Maximizing Independence and Belonging

Vista runs Creations, a retail store in downtown Madison that offers handcrafted work of more than 60 Northeastern United States artisans

Students at Vista Vocational & Life Skills Center, as well as community members, can participate in a variety of projects such as painting in Madison. Photo courtesy of Vista Vocational.

Integrating their 165 students and members into the community is extremely important to Vista Vocational & Life Skills Center. The private, nonprofit educational program has been working with individuals with neurological disabilities, including autism, mild cerebral palsy or spina bifida, seizure disorders, and learning or processing difficulties for more than 20 years.

While approximately 40% of Vista members hail from Connecticut, the organization attracts individuals from all across the United States.

With campuses in Madison and Westbrook, Vista's program includes the Entrance Program, designed for students transitioning from home or a secondary school who live two years in dormitory-style living in Westbrook and one year in apartment living in Guilford. This is followed by the Outreach Program, which offers vocational, life skills, counseling, transportation, and recreation support and training for members living independently or nearby with their families.

While each individual is unique there is one thing that unites them at Vista.

"They all have the potential to live in the community without 24-hour supervision," says Chief Executive Officer Helen Bosch. "We really see ourselves as training and employment, getting people really out there in the community."

Vista has recently opened Creations, a retail store in downtown Madison that offers handcrafted work of more than 60 Northeastern United States artisans including candles, jewelry, pottery, and children's toys.

"It's a really positive place for us," says Bosch. "We're been using it to host different meetings. It's a meeting place. It can be a gathering place.

"It's just been a lot of different things that we've really realized it's connected us to the community in a very different way."

In addition to generating revenue for the organization, the store employs three Vista members.

"Creations has had a very successful season," says Bosch. "It seems to be well-received within the community."

Part of the retail space is specifically dedicated to CREATE (Creating Remarkably Expressive Art Through Empowerment), where Vista students and members, as well as community members, participate in a variety of projects and mediums, including drawing, painting, photography, sculpture, and sewing.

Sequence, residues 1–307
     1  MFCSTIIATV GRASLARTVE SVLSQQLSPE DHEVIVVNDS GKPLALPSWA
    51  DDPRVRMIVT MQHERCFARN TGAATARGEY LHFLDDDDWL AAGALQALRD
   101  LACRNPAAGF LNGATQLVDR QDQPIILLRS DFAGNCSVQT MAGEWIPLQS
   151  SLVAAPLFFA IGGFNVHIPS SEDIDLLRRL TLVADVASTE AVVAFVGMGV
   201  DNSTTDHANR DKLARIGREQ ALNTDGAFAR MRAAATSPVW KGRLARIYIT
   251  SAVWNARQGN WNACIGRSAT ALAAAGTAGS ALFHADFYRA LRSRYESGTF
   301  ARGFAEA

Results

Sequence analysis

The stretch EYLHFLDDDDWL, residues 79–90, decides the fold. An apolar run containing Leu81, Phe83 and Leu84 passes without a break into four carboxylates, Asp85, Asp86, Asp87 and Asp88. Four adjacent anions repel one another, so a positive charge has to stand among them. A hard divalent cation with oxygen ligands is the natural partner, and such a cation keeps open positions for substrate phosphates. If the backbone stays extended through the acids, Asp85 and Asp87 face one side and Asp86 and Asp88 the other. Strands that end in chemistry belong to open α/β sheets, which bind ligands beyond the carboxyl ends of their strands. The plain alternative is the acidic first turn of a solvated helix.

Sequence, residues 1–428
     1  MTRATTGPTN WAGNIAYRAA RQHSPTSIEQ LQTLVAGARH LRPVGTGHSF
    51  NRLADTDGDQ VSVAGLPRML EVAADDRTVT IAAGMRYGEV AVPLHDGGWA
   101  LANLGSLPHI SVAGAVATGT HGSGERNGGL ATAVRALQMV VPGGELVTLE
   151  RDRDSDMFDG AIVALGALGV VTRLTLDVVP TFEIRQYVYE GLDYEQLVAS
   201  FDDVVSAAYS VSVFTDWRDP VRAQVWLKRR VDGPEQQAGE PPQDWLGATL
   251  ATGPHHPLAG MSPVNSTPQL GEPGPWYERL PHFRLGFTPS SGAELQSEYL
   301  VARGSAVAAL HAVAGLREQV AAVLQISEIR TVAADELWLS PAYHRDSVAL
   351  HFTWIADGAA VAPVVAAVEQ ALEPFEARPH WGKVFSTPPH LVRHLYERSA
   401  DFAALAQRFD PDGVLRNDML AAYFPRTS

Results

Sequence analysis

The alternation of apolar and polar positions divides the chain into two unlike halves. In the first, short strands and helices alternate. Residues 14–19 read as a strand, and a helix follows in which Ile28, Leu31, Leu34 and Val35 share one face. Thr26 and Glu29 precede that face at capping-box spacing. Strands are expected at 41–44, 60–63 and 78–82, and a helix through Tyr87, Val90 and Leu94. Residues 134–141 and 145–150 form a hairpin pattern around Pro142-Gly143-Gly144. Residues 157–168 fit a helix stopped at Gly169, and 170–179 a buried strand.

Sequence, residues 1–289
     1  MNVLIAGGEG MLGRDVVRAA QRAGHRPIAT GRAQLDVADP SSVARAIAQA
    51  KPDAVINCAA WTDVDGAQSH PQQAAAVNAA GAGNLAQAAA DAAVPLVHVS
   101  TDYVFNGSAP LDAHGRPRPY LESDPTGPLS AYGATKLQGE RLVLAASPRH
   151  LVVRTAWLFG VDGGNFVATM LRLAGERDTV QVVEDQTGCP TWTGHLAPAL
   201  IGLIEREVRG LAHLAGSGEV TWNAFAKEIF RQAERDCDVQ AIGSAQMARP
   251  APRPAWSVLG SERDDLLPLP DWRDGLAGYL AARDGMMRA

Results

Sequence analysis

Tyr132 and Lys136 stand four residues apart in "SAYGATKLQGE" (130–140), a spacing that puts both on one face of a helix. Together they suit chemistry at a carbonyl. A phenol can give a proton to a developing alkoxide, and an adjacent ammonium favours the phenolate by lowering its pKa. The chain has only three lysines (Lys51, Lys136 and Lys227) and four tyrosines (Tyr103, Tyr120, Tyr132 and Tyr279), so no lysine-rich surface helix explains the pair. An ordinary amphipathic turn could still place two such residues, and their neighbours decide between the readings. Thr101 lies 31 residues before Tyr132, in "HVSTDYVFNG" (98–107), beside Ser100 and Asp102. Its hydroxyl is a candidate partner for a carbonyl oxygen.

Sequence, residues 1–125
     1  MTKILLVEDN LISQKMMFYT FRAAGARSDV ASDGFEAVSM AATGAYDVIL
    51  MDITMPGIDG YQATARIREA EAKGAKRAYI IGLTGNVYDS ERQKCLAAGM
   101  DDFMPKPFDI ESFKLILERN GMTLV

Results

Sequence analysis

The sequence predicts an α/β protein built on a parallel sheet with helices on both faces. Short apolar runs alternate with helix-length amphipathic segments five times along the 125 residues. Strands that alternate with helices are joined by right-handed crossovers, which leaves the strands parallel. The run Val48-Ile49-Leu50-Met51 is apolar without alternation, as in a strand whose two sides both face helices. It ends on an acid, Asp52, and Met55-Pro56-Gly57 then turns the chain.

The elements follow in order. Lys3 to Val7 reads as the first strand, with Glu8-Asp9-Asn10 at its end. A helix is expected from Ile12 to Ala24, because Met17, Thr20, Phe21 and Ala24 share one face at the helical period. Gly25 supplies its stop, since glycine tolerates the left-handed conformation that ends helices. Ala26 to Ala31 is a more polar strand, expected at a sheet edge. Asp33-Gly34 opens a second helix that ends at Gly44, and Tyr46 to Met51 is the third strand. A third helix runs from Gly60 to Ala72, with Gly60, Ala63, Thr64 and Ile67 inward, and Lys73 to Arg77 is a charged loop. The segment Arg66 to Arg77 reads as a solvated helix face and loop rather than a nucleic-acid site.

CREATE was "designed to, number one, provide art to individuals who might need alternative methods to learn it, but secondly to really try to bring the community and individuals with disabilities together through a common activity."

The May 2016 presentation of "Pirates of Penzance" at The Kate in Old Saybrook will include 50 percent of individuals with disabilities and 50 percent of individuals from the community. "It's called an all abilities play," says Bosch.

The Community Foundation for Greater New Haven has supported Vista Vocational through the Community Fund for Women & Girls, The Great Give®, and sponsorship grants for the Starlight Benefit at Waters Edge.

The arts programs, as well as all the other programs offered through Vista, are well received by those seeking services from the organization.

"It not only provides them an avenue for self-expression and creative growth," says Bosch. "As we all do, we all continue to learn throughout our lives. That is both for people with disabilities as well as not. I also think that given that they are really working alongside and hand in hand with folks from the community that is offering them a level of inclusion that you might not have otherwise seen."

To learn more about Vista Vocational, visit their® profile.

Did You Know?

"The Americans with Disabilities Act (ADA) requires any employer with 15 or more employees to provide reasonable accommodation for individuals with disabilities unless doing so would cause undue hardship." Source:

This story is part of the Inspiration Monday story series produced by The Community Foundation for Greater New Haven.